The California Gold Rush

Economical Impacts

          One of the many types of impacts that the California Gold Rush had on California and the rest of the United States was on the economy.  This rush of gold shifted not only the United States, but the position of power in many other countries as well.
          Before the gold rush, the wealth of the people living in California was defined by property. (land, cattle, houses)  As the flakes of gold began to circulate and become a major currency in California, cow hides (the former currency known as California Bank Notes) were replaced.
          The gold inflated the prices of goods and services.  Newcomers to mining were surprised by the costs in California for, not only services and goods, but machinery and tools that would be used to mine were extremely expensive.  Nearly everyone began, at first, wearing the same clothing, eating the same food, and living off of whatever they can.  Over time, many struck rich, only to find that it was barely enough to live only a tiny bit better than before.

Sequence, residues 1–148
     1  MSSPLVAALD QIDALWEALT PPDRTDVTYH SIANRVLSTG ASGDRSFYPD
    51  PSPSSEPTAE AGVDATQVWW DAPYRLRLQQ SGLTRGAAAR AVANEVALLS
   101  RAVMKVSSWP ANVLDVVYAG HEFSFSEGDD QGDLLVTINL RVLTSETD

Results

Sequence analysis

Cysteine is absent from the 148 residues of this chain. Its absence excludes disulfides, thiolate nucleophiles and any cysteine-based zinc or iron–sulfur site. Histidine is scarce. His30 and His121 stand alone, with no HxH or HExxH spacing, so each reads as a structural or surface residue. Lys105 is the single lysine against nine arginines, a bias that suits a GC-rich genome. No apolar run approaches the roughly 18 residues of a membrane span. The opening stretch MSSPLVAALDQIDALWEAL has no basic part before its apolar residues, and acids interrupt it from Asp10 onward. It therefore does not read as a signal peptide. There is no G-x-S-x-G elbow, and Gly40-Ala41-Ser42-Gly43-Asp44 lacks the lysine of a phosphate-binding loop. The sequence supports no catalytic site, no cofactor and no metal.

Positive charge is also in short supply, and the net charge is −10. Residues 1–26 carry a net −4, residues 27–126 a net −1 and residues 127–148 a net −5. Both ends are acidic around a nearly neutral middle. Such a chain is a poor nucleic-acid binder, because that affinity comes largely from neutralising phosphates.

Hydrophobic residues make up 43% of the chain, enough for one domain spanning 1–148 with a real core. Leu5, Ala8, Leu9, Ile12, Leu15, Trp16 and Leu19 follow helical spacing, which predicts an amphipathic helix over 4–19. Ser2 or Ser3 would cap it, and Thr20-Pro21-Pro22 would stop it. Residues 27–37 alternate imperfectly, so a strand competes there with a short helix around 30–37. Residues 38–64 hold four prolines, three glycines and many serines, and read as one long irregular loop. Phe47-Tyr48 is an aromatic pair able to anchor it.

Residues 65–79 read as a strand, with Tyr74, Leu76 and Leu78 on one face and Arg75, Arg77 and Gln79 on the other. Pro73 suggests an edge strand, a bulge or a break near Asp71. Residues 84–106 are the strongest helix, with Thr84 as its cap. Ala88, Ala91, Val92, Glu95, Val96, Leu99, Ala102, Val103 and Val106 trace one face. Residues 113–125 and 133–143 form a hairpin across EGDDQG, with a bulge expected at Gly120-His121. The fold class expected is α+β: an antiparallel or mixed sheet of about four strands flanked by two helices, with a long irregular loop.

The entertainment industry of California began to flourish.  These industries all grew for one purpose: to separate the miner's hard-earned money from its owner.  Gambling halls were introduced and displayed thousands of dollars of gold and silver on tables.  Saloons offered music, drinking, and a large variety of shows. 
          As if overnight, California's economy had changed.  Prices doubled, nearly tripled.  New types of entertainment rose to strip the miners of their gold.  More generous entertainment industries sprouted, but still with the same goal. 
          Through the California Gold Rush, many people became extremely rich.  This boosted the United States' wealth and also helped raise funds for the Union war efforts in the East.
          The United States was aided greatly by the California Gold Rush.  Wealth boosted, and along with wealth comes power.  The United States of America would prosper from a simple accident in a small river in Colluma Valley.